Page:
4. 4. I: Doomed by changing requirements <ul><li>By end of 4 th year: </li></ul><ul><ul><li>Less than $.5 million left </li></ul></ul><ul><ul><li>Group size expanded </li></ul></ul><ul><li>After 4 years and 8 months </li></ul><ul><ul><li>Down to the last dollar </li></ul></ul><ul><ul><li>Requirements still changing </li></ul></ul><ul><ul><li>No usable results </li></ul></ul><ul><ul><li>Projected over a year until completion – assuming no more requirement changes </li></ul></ul><ul><li>After 5 years </li></ul><ul><ul><li>5 million LOC, but no product </li></ul></ul><ul><ul><li>Decided to migrate the legacy app after all </li></ul></ul><ul><li>6 weeks later, the migrated app was in testing </li></ul><ul><li>4 weeks later, it went live </li></ul>
  5. 5. I: What sent it to the grave? <ul><li>Corporate mandates and budgeting without any investigation or metrics </li></ul><ul><li>Outside consultant company hired to manage a project that hadn't yet been scoped out </li></ul><ul><li>Development of the new application began without requirements </li></ul><ul><li>Requirements were changing for 5 years—with no end in sight </li></ul>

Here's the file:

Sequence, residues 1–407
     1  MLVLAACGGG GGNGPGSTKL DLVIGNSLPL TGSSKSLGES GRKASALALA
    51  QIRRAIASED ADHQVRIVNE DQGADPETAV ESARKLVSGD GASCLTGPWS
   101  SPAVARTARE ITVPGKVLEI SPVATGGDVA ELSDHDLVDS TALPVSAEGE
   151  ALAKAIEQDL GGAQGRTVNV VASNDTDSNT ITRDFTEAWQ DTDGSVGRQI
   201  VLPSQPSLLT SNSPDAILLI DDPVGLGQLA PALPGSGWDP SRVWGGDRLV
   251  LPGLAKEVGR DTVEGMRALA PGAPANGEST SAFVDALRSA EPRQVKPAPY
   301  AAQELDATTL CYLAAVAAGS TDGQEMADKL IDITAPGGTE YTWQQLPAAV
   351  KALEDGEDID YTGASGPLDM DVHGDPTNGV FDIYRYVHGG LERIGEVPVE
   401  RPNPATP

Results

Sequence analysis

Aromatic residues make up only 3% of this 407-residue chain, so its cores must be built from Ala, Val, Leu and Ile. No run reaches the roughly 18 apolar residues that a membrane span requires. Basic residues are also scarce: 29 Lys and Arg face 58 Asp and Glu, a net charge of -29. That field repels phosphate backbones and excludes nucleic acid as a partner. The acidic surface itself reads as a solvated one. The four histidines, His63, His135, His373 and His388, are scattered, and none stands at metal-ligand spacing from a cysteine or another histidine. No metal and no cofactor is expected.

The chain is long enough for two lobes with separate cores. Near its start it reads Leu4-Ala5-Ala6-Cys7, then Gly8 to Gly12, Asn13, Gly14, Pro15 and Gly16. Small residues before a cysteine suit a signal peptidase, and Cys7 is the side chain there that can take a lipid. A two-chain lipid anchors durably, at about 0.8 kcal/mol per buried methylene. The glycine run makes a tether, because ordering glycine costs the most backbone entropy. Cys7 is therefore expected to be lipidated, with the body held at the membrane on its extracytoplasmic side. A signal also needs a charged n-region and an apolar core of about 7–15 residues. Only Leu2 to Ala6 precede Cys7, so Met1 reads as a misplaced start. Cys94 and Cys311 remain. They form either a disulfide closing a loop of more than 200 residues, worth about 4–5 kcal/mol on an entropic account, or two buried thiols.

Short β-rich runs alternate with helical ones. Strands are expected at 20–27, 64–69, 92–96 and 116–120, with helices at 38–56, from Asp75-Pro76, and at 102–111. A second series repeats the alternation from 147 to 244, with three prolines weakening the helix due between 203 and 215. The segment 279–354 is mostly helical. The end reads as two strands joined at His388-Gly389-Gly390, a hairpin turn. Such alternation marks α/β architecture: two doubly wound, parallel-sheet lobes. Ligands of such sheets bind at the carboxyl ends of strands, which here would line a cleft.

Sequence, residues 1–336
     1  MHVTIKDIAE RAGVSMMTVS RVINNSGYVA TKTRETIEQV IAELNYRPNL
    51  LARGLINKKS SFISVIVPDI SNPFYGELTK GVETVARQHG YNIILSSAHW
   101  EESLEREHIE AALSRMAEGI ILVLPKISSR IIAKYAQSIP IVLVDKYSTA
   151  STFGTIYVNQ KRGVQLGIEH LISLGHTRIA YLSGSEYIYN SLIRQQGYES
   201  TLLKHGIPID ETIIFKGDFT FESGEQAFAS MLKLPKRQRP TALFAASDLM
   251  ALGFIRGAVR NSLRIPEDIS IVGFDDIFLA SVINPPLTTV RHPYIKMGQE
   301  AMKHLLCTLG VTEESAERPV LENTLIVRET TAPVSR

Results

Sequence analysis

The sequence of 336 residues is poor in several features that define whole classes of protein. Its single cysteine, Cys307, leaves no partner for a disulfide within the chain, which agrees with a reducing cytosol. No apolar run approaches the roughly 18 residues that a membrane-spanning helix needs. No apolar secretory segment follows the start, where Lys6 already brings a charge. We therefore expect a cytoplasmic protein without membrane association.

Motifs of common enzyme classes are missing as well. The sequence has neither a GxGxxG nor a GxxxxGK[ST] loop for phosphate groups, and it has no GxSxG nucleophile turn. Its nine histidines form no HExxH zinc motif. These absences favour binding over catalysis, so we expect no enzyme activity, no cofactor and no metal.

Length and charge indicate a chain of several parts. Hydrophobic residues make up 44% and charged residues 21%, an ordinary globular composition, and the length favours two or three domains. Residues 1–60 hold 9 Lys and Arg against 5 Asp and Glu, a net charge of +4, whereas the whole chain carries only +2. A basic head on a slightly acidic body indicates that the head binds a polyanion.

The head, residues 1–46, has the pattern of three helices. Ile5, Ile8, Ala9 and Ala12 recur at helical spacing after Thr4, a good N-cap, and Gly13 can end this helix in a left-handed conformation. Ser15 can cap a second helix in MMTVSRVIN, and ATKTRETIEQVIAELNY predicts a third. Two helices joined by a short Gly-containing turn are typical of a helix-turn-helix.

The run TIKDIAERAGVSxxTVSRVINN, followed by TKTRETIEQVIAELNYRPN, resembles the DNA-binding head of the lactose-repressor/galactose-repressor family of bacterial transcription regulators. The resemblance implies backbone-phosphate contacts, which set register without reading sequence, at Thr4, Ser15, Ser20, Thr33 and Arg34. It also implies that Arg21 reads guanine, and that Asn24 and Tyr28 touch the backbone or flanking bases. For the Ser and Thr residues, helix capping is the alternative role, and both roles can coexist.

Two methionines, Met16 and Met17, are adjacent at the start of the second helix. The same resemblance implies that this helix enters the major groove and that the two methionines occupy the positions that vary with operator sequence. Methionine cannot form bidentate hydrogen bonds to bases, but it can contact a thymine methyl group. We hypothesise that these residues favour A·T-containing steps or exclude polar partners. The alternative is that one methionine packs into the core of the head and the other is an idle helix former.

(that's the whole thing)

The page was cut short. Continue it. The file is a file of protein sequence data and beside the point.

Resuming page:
6. 6. I: Death-defying development rules <ul><li>What could have saved this project? </li></ul><ul><li>Never change 2 things at once (architecture and functionality) </li></ul><ul><li>Never break the product completely; move piece by piece to a new architecture, test as you go </li></ul><ul><li>Don’t waste time in meetings </li></ul><ul><li>Never build without a set spec, tasks connected to requirements </li></ul><ul><li>Don’t start too ambitiously and over-engineer </li></ul><ul><li>Set the stage for informed decision making by people who really understand the project </li></ul>